Ugandans demonstrate against bias at South Sudan embassy in Kampala
Several Ugandans working at the South Sudan embassy in Uganda have petitioned the Foreign Affairs and East African Affairs ministries, alleging infringement of international labor rules by their employers.
Cornella Aceng Nyeko, a Ugandan embassy staffer, was accused of discrimination by her employers in the South Sudan embassy.
According to a story obtained by NCMP from one of Uganda’s leading newspapers, the Ugandan Embassy’s chief of mission, acting deputy head of mission, and charge d’affaires were unavailable for comment.
Two Ugandan embassy drivers resigned after being arrested at Kabalagala Police Station for allegedly stealing money from the ambassador’s wife.
Mr. Kasujja and a housekeeper at the ambassador’s home complained of harassment, but the allegations against them were dismissed.
The South Sudan Ministry of Foreign Affairs and International Cooperation owes salaries to embassy employees who have been working without compensation for over two years.
There have been contradictory reports about the remaining salary arrears, with one source indicating that the payment for January and February was made in 2019.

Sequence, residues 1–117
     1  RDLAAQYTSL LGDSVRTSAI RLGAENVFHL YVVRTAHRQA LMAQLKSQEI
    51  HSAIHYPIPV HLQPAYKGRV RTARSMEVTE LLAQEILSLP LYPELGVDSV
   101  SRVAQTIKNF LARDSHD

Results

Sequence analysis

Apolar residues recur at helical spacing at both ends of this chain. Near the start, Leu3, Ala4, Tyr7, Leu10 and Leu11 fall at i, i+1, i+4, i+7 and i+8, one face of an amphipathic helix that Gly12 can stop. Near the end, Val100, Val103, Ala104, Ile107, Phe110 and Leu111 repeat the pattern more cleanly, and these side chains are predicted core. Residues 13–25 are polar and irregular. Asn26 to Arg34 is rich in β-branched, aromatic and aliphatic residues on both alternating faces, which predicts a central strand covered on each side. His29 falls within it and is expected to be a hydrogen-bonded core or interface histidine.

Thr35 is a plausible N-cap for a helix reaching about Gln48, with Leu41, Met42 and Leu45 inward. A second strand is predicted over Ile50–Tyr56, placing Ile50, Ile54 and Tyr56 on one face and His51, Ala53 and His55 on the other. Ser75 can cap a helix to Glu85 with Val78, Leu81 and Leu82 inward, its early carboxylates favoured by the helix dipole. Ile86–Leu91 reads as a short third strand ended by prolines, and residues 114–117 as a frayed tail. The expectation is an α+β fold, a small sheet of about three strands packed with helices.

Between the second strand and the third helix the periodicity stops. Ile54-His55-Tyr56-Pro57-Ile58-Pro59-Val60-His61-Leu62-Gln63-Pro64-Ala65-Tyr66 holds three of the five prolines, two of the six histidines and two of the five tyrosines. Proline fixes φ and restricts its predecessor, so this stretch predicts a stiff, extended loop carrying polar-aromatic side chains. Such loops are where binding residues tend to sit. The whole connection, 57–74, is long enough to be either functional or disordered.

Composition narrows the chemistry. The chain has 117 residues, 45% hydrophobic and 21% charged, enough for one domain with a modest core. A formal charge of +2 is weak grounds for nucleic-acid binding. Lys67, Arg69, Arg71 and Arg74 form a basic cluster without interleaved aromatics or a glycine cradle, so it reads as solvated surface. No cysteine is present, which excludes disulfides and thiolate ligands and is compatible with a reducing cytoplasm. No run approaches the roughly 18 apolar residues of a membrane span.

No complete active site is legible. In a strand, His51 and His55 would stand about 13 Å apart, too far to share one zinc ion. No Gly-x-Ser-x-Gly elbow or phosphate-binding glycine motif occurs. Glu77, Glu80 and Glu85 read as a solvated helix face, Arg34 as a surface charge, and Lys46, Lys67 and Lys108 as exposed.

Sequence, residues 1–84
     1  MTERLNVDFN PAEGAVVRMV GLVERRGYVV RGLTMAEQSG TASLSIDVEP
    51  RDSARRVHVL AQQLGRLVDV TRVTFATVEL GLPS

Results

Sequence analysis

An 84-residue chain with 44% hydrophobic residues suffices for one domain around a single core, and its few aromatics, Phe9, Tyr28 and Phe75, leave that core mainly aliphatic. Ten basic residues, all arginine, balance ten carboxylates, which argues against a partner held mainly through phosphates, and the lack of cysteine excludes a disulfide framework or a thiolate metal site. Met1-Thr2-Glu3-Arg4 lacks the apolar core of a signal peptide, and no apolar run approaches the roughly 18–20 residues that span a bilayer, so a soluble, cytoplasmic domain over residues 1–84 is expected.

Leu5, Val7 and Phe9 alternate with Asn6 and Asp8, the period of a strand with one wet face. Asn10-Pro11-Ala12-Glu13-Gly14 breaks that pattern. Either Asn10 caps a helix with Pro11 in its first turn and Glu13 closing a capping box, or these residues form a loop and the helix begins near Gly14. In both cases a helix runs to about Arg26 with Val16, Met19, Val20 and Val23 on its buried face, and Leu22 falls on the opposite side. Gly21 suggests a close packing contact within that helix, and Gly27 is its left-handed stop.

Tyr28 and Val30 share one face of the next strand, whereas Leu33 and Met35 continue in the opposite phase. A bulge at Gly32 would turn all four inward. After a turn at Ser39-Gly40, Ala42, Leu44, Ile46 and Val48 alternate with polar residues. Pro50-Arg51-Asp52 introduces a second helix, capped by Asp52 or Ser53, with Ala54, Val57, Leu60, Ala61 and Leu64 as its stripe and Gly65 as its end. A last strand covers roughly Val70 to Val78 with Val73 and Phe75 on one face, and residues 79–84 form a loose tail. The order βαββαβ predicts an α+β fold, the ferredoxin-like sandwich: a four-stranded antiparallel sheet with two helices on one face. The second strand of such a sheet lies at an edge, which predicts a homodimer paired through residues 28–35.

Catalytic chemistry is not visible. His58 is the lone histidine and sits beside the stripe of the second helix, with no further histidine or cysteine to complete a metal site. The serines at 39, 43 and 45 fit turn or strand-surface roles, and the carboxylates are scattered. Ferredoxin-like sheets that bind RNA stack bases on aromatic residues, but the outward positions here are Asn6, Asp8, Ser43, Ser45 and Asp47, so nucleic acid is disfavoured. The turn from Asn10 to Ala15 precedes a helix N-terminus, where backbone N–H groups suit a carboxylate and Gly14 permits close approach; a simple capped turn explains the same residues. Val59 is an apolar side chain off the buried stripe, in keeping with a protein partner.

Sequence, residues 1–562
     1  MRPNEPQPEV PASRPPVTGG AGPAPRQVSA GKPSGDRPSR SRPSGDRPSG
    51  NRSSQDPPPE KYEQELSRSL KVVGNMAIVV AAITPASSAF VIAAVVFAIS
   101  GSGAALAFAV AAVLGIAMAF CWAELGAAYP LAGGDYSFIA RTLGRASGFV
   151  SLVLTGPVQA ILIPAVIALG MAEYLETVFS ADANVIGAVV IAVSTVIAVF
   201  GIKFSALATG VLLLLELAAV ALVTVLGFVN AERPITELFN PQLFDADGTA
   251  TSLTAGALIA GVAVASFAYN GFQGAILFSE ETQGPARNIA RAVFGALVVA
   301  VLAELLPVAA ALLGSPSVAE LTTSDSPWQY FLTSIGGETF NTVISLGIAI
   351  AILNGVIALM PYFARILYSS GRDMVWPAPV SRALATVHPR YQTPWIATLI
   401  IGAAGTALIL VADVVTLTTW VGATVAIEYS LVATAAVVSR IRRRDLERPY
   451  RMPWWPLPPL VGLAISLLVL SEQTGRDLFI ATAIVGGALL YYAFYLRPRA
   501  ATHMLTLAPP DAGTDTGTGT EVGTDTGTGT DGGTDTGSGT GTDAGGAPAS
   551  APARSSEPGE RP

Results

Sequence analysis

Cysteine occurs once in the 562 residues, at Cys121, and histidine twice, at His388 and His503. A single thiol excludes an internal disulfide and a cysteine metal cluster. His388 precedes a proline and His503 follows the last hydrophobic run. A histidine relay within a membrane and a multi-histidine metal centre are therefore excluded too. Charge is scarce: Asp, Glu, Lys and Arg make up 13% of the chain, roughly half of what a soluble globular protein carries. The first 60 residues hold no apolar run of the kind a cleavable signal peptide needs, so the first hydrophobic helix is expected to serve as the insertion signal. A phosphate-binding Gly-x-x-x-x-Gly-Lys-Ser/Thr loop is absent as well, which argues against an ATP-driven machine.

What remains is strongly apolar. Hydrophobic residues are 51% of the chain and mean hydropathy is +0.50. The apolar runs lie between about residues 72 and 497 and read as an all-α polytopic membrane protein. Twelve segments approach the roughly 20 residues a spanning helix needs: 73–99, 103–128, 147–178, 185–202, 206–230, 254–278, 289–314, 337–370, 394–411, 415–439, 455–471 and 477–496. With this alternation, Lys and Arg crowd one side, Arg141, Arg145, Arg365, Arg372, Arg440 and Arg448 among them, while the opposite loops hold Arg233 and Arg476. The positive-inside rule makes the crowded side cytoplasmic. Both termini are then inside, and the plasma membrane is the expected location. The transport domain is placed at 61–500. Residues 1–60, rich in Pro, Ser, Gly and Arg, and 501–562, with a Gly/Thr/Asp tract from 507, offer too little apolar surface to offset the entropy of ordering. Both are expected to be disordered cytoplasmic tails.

Due to the disturbances in the South Sudan economy, the embassy administration has put an embargo on paid vacation and rest periods.
A message states that employees in the South Sudan embassy are not allowed to leave or have permission until further notice.
Ms. Wani sent a message imposing a freeze on leave days. She couldn’t explain why she took the choice or address the legal ramifications of her conduct.
According to the Republic of South Sudan’s Under Secretary for Foreign Affairs and International Cooperation, any claims of inactivity have little or no foundation.
According to Mr. Bagiire, ambassadors have immunity and must be reprimanded in diplomatic contexts.
Uganda’s parliament ordered the Prime Minister in September to form an inter-ministerial committee to find a solution to the instability in South Sudan.